This year’s Crafoord Laureate in biosciences has demonstrated that Darwin’s theories about natural selection are true in practice. Using revolutionary studies of finches and sticklebacks, Dolph Schluter, University of British Columbia, Canada, has provided us with knowledge of how species arise.
The Crafoord Prize is one of the major international science prizes and is awarded in partnership between the Royal Swedish Academy of Sciences and the Crafoord Foundation in Lund. The disciplines are selected to complement the Nobel Prize; they alternate every year, between mathematics and astronomy, geosciences, biosciences and polyarthritis. The Academy is responsible for deciding the laureates. This year’s laureate in biosciences is awarded six million Swedish kronor. The prize will be presented by the king Carl XVI Gustaf during Crafoord Days the 8, 10 and 11 May in Lund and Stockholm.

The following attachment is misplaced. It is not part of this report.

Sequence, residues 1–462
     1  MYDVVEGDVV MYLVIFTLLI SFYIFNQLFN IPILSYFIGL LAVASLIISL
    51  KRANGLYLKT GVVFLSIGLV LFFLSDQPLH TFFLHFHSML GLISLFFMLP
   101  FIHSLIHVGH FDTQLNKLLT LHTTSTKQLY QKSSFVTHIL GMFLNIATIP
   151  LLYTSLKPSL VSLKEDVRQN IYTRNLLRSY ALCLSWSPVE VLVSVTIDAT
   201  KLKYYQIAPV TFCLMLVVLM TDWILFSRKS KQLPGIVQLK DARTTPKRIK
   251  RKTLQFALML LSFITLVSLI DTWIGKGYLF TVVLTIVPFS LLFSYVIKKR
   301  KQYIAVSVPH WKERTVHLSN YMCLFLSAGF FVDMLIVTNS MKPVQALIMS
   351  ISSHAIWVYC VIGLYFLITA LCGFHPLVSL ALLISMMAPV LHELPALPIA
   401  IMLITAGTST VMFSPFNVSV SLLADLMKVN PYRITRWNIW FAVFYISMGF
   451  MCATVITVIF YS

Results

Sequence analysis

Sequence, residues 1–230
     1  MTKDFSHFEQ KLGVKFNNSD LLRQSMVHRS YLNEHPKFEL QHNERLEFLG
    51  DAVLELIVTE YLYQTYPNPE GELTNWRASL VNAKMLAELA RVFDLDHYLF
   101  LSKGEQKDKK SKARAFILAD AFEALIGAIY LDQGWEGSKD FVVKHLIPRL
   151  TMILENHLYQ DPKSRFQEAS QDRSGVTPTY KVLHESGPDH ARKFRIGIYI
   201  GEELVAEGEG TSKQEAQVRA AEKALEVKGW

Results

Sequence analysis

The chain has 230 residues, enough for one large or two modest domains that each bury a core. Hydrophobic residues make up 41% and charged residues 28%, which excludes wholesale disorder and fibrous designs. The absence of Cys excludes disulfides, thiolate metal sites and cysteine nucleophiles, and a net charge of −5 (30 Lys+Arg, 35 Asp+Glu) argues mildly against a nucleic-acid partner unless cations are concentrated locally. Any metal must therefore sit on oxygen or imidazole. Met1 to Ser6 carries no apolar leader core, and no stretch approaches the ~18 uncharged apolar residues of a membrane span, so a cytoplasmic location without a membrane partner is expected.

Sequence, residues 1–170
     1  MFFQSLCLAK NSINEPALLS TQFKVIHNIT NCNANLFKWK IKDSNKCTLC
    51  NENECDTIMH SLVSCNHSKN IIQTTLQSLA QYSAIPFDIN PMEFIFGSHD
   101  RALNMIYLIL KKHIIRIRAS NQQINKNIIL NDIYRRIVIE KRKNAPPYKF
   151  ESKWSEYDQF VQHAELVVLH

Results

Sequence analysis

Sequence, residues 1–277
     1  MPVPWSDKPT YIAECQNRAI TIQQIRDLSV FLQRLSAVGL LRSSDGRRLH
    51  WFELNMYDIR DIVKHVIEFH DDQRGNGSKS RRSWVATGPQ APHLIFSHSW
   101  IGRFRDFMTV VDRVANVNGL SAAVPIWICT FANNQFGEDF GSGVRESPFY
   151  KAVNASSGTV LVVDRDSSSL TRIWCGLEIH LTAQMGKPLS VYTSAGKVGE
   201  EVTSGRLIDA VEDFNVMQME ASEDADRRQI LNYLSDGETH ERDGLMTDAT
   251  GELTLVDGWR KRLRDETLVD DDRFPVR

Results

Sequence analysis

On The Coast with Gloria Macarenko, May 12, 2023: UBC professor recognized for his work on evolution
UBC Science, Jan 30, 2023: UBC biologist wins prize for research on ‘dazzling’ explosions of evolution
The Crafoord Prize, Jan 30, 2023: Studies of how new species arise are rewarded with the Crafoord Prize
Listen to Dolph's interview at CBC's As it Happens: Canadian who studies finches and fish wins one of science's top prizes